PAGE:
“Is the image of a tree a surrogate for a human?” Alexander goes on, “Yes it is. We need to omit that as a question and put the tree into context with the history of the forest across human existence. Yes we have swallowed the myth of the land hook, line and sinker, and we are also seeing a deconstruction of that myth. This only follows, that as we dismantle the myth, it comes back again in other forms.”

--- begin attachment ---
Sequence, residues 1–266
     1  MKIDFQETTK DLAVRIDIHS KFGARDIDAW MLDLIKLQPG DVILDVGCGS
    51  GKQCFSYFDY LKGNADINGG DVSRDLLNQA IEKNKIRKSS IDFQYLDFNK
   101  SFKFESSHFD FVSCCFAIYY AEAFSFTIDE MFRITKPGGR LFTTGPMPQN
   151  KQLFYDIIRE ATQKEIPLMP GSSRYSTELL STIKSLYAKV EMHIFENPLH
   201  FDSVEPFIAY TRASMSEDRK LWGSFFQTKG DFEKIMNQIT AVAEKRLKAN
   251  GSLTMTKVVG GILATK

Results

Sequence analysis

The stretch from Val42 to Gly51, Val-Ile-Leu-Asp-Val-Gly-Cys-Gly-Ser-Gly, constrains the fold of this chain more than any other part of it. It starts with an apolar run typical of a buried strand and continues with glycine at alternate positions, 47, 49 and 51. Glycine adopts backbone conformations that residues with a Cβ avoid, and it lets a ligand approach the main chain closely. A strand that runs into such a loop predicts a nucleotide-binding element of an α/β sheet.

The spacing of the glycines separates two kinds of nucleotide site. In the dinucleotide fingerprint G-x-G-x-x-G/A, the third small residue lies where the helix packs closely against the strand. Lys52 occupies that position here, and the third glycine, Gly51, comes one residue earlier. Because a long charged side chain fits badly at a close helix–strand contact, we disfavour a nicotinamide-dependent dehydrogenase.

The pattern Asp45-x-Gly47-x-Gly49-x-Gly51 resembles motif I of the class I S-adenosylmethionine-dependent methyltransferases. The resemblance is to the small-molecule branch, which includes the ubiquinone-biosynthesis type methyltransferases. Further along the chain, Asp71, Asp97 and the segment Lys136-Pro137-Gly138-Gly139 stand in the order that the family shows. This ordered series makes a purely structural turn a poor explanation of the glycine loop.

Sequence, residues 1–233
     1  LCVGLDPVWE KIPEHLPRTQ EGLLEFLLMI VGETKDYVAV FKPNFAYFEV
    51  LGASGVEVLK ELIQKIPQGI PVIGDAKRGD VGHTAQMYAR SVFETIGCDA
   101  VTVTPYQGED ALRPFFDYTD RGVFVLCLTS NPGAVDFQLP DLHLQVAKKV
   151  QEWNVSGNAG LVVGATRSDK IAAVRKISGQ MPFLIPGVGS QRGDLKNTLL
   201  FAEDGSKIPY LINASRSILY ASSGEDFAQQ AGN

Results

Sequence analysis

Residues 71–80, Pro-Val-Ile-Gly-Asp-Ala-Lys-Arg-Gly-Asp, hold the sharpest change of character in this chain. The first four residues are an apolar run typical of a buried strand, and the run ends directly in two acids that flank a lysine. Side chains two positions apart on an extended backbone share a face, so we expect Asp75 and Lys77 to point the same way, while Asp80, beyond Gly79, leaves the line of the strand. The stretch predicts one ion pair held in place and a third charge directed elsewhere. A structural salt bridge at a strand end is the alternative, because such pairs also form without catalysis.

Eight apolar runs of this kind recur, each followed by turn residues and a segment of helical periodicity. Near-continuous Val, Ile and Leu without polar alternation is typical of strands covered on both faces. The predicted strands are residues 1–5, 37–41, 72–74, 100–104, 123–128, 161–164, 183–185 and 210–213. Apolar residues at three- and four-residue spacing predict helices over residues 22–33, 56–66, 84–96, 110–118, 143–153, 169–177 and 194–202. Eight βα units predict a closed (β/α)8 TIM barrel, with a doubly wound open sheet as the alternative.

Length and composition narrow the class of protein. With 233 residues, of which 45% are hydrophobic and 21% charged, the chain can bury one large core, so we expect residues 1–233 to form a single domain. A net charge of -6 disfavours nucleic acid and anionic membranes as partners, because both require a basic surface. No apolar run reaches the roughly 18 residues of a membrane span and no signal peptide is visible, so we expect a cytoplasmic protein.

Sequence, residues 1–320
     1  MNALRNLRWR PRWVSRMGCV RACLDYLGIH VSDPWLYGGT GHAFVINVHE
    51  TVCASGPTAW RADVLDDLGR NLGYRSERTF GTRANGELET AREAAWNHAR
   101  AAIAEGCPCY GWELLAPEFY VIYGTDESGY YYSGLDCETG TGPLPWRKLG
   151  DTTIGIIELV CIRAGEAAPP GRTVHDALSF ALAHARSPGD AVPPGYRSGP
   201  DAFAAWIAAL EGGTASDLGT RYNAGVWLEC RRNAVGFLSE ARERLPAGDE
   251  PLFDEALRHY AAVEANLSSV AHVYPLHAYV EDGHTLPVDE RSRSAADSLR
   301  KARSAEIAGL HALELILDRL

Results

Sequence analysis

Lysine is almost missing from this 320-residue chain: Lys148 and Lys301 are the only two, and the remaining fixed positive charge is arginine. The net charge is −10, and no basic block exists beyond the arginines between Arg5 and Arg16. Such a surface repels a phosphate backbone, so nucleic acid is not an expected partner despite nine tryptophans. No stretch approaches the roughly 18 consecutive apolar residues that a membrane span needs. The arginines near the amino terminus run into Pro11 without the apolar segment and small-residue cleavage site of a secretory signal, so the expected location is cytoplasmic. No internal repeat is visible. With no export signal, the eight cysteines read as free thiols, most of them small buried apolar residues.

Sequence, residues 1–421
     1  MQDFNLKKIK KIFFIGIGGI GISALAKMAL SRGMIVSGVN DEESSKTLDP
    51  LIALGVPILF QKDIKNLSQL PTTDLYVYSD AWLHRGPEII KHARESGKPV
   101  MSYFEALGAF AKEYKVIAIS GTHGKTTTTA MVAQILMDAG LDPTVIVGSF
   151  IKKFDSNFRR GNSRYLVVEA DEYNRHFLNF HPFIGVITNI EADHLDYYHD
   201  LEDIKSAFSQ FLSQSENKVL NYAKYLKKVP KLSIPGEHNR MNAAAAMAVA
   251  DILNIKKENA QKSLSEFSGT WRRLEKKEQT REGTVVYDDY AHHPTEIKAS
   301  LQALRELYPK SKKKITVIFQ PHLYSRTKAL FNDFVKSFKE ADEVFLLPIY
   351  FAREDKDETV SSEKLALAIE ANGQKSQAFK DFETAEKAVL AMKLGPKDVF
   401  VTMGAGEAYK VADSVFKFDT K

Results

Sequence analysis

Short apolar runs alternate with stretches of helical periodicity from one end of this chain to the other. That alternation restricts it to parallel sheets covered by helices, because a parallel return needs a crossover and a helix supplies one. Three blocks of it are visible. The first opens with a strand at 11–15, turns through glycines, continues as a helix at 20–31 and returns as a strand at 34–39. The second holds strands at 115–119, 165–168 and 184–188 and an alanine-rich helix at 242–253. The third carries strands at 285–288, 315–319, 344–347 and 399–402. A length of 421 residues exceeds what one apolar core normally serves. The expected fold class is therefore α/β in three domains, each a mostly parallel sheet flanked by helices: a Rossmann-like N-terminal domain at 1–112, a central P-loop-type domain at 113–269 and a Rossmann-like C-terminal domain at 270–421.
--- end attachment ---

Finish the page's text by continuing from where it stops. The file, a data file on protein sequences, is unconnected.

When Alexander talks of history he is talking as much about his own multi-generational relationship with tree and shore as he is about a drier, intellectual approach fed by reading and academic debates. As the child of a tugboat captain on the BC coast, Alexander grew up dragging the nation’s endless resources up and down the rocky edges of the western edge of the country. “I now find myself looking back at those landforms, the influence of that experience.” he says. Going one step further, the artist equates his movement from direct resource manipulation to the indirect representation of it to a similar paradigm shift endured by earlier generations who slipped seamlessly from the era of buggies and horse whips to automobiles. It is a lateral movement, from an historic myth of resource to a more contemporary sense of nationhood. The upshot of this paradigm shift is a dual artistic reality for Alexander: in the first he sees himself as being so colonized by the endless landscape – real and mythic – that he cannot paint without painting landscape. In the second, he feels he still has had to earn the right to paint landscape, realizing that, from the get-go, the landscape in which he was living was not that painted by first European, and then Canadian definers of vista. Typical of any artist working with a subject located at the fringes of artistic reality, Alexander as a newly minted prairie landscape painter in the 1960s found himself working through the whole history of the landscape trope. He was never afraid to tweak the expectations of what a vista should or should not be. His more daunting task was dragging the obviously morphing Canadian vista in his words “kicking and screaming into the twenty-first century.” As a case-in-point, when asked about his tendency to not portray the tops of the mountains in his now iconic alpine vistas, Alexander replied that he does not need to paint them in. “The viewer naturally fills in the missing parts in these paintings,” he explains, “we know that the mountain tops are there and what they look like” underlining that his paintings have always been more participatory than not. So rather than providing the viewer with an objective and spread-out-in-front-of-you vista, Alexander give the art lover a subjective view, more akin to that the hiker has when climbing a mountain. The romantic view is balanced with the contemporary reality of the landscape as a place that is lived in, occupied. Alexander goes on to say that ironically enough he feels the mountain tops are not that pretty and are not missed in his paintings.